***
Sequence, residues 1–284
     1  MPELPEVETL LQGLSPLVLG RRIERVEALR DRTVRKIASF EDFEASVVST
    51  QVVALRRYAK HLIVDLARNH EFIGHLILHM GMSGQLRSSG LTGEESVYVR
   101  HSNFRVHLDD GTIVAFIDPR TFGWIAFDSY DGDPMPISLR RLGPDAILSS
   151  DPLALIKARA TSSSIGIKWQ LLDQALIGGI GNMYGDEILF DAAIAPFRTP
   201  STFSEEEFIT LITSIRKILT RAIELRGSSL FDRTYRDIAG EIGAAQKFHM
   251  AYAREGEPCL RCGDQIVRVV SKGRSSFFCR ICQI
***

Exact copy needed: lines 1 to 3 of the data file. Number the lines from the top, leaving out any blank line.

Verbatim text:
Sequence, residues 1–284
     1  MPELPEVETL LQGLSPLVLG RRIERVEALR DRTVRKIASF EDFEASVVST
    51  QVVALRRYAK HLIVDLARNH EFIGHLILHM GMSGQLRSSG LTGEESVYVR